David J. Castleman letter to Mary Pride Jones, 22 November 1918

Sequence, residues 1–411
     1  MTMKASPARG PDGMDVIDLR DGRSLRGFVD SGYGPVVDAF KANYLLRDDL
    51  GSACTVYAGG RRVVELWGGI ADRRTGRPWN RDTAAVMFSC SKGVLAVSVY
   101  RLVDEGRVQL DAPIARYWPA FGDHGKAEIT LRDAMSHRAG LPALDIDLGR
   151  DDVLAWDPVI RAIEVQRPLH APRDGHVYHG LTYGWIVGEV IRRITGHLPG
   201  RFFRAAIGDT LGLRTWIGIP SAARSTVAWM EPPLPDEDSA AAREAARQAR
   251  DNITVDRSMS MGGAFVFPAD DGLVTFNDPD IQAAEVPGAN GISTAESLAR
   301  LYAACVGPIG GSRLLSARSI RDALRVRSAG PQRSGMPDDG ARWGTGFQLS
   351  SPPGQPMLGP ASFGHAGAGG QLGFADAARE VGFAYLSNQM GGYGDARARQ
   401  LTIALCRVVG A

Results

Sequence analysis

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The signal to man the guns was given several times, but they were false alarms. I'll never forget that ominous long single blast of the whistle! I hear them here in port every day & night & each time I think of those occasions. There was never any confusion or disorder; everyone got his life belt & quietly went to his assigned station. The first occasion was on a Sunday afternoon. One of the cannons fired & then the long mournful blast of the whistle. The thing happened so suddenly that no one knew whether it was a torpedo or the gun. All we knew was that there was a great crash & then the signal. We left N.Y. a few minutes before 6 P.M. 24th, and arrived in Halifax the following Thursday, where we stayed until Jan. 3rd. We were there during that bitter cold weather, One morning we were lowered to the water in the life boats & then we rowed about for a half-hour. I thought I'd freeze. The boats were so crowded that one could hardly budge. I thought to myself at the